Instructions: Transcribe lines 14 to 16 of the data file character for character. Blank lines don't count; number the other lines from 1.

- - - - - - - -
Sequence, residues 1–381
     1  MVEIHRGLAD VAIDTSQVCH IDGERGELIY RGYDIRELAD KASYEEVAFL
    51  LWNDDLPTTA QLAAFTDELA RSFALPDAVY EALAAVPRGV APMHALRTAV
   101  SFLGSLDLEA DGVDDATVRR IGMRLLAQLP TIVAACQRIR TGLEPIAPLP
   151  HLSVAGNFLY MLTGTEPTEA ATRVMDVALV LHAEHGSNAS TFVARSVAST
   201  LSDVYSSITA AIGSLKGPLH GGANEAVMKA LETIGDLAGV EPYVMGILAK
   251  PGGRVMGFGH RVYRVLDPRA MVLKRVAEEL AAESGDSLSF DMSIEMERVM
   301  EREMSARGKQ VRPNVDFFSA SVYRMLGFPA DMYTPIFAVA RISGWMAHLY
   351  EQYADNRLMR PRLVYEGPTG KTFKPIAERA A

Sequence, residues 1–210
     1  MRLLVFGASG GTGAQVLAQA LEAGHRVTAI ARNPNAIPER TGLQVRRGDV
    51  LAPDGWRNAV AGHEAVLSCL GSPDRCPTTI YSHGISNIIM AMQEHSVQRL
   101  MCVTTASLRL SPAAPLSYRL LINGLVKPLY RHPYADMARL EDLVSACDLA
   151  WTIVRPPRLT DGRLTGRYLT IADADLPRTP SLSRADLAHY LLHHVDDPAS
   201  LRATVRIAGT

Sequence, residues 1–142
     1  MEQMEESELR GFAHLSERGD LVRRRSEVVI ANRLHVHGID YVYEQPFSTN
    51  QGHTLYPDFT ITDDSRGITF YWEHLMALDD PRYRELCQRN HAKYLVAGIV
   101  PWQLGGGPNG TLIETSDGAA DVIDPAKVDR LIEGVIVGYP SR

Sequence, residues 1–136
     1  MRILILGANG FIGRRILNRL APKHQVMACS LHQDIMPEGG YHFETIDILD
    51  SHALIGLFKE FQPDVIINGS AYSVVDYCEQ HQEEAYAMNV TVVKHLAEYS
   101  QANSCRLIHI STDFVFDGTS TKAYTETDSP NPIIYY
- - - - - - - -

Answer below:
   151  WTIVRPPRLT DGRLTGRYLT IADADLPRTP SLSRADLAHY LLHHVDDPAS
   201  LRATVRIAGT

Sequence, residues 1–142